I trained with a handful in this subject and two have dropped out because "teaching isn't for them", aka they were not being given enough support and their subject was undervalued. These particular individuals had worked in the IT industry and were extremely skilled; the kids were lucky to have them. Then another friend has basically decided to jump ship after A) There was talks of making it a one-man department and B) A more lucrative offer came up.

    I, on the other hand, also experienced a lack of support and SLT who didn't care for the subject. There's a few reasons why I ain't tried to find another job but ultimately not even sure that I want to...and this is coming from someone that is extremely passionate about the subject and education in general.
     
    ParakeetGreen likes this.
  13. moscowbore

    moscowbore Lead commenter

    There is no shortage of CS teachers. Schools will simply not pay for an experienced teacher because the subject does not deliver good enough results for the money invested. ROCE.

    I believe that too many senior managers still remember the days of ICT when PE teachers could teach Gcse ICT and get a decent pass rate.

    CS is dying in state schools and that is just a fact.
     
    ParakeetGreen and bacapel like this.
  14. Penguin47

    Penguin47 New commenter

    Dependant on area, maybe? There's quite a few going around near me.

    Not to mention with our expertise / qualifications, we may as well be working in industry...
     
    ParakeetGreen and bacapel like this.
  15. gigaswitch1

    gigaswitch1 Occasional commenter

    Never seen som many vacancies
     
  16. Luvsskiing

    Luvsskiing Occasional commenter

    It's not just the number of vacancies that's noticable. Over time, and I'm talking years, you notice the same schools advertising again and again for CS teachers. Each time you hear that they have finally filled their vacancies, just as quickly you then hear they are in a crisis and looking for CS teachers again!

    Overwork? Bullying SLT? Unrealistic expectations and targets? Poor behaviour? Poor facilities? Low salaries? No recognition of the huge workload CS teachers in particular face? Too many other duties and meetings? I suspect it's a mixture of the above.

    EG. I went to an 11-16 school a year ago to help out on supply for three months or until they recruited a full time person and was on £255 a day - nice, I thought. I'm good, but not Superman. I had 11 different classes in a week. All but two had over 30 students - 350 different students, every week.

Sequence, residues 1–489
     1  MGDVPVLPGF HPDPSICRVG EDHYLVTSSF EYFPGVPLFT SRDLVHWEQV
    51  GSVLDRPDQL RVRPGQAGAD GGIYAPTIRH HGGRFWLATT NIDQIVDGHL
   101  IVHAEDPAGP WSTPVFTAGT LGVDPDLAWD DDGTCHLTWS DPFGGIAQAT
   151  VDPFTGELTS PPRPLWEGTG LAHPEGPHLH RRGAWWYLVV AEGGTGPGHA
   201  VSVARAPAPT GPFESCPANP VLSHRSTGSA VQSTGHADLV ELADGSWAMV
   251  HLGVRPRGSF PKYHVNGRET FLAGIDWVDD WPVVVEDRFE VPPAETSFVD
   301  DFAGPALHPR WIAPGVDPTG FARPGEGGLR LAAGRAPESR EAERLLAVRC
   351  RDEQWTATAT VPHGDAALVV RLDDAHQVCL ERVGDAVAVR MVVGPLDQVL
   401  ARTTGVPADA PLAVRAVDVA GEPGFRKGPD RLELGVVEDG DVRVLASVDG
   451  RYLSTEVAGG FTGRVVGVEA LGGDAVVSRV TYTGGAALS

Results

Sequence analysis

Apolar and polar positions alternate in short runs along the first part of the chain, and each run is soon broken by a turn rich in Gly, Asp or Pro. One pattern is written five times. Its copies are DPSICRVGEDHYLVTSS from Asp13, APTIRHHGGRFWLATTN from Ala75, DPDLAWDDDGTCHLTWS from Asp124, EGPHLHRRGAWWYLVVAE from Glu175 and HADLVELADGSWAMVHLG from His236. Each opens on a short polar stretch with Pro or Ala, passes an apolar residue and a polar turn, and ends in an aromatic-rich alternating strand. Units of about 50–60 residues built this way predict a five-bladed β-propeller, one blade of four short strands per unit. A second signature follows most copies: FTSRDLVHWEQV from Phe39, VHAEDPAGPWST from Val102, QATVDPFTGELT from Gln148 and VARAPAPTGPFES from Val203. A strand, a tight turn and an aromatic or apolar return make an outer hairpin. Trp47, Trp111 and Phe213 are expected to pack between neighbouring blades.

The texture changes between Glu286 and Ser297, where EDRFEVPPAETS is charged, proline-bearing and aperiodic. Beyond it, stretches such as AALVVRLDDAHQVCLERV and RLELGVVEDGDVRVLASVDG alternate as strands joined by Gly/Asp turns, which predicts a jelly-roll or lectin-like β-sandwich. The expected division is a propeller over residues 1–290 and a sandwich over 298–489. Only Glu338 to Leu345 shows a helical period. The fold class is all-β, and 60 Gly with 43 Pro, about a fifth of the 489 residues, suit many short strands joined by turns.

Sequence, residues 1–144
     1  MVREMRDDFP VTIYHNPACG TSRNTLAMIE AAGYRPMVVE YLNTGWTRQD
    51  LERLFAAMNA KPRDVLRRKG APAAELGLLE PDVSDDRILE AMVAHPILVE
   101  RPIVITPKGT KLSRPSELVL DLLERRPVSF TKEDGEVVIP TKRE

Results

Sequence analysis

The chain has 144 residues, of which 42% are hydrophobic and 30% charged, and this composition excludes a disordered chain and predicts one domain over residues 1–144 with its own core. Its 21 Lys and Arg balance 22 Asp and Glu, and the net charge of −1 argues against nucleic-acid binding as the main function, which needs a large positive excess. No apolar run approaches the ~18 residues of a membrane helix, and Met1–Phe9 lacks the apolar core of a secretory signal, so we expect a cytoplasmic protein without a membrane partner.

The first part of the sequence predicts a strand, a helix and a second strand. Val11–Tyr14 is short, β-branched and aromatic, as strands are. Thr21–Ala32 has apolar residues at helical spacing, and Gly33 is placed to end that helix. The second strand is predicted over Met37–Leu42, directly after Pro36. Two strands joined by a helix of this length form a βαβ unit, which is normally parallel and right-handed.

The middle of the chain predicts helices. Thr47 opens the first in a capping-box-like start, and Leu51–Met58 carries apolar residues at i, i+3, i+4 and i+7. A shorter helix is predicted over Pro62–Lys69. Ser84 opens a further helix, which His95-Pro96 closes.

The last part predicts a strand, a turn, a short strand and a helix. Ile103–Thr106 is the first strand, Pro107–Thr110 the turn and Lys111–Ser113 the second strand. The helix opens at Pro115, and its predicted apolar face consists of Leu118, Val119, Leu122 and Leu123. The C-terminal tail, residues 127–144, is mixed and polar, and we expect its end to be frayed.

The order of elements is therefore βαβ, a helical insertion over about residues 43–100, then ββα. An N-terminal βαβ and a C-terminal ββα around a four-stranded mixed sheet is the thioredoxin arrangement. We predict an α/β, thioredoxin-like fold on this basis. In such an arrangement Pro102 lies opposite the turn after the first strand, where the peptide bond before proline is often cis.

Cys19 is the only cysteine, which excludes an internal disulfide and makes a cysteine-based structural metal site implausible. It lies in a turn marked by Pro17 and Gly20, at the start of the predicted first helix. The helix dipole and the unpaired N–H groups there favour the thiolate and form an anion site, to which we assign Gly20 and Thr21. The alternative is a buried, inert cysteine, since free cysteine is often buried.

The stupid SLT wanted one formal piece of work in their book marked and recorded, it transpired after I arrived (not mentioned before). Every week. 350 students, each with a formal piece of marked work every week? Do you really need to be a genius to work out why that isn't possible? I sat down with my SLT line manager and showed her exactly why this wasn't possible time wise, and got the 'that's school policy, ofsted need it, do your best but it is expected' etc.

    I gave my one week's notice the next day.
     
  17. Dorsetdreams

    Dorsetdreams Occasional commenter

    Anyone else stopped using books? I did, in 1997, and told my current school when I started in 2002 that there would be no IT exercise books. The day some new SLT demand books will be the day I resign.
    (OTOH I do do more marking now than ever before.)
     
    ParakeetGreen likes this.
  18. Penguin47

    Penguin47 New commenter

    I actually like books, but not for work. I think it's handy if they have a small book to make notes in whilst I'm teaching. No commitment to mark them as it's not actual work, but can always have a quick look through to see if they're adding notes correctly.

    Add to that making the material (PowerPoints etc) available to them on the school system, sure, many might not bother; but for the few that do, it's probably in-line with their learning style.
     
    bacapel likes this.
  19. moscowbore

    moscowbore Lead commenter

    There are lots of vacancies and lots of CS teachers applying for them, but, schools will only employ very cheap teachers.
     
  20. moscowbore

    moscowbore Lead commenter

    OfSTED do nopt require any marked books. They have gone to great length to say that. OFSTED only want evidence that your stated marking policy is being followed. If the policy is that teachers decide what marking is necessary, then that is what OFSTED look for.

    I have not used books ever,
     
    bacapel likes this.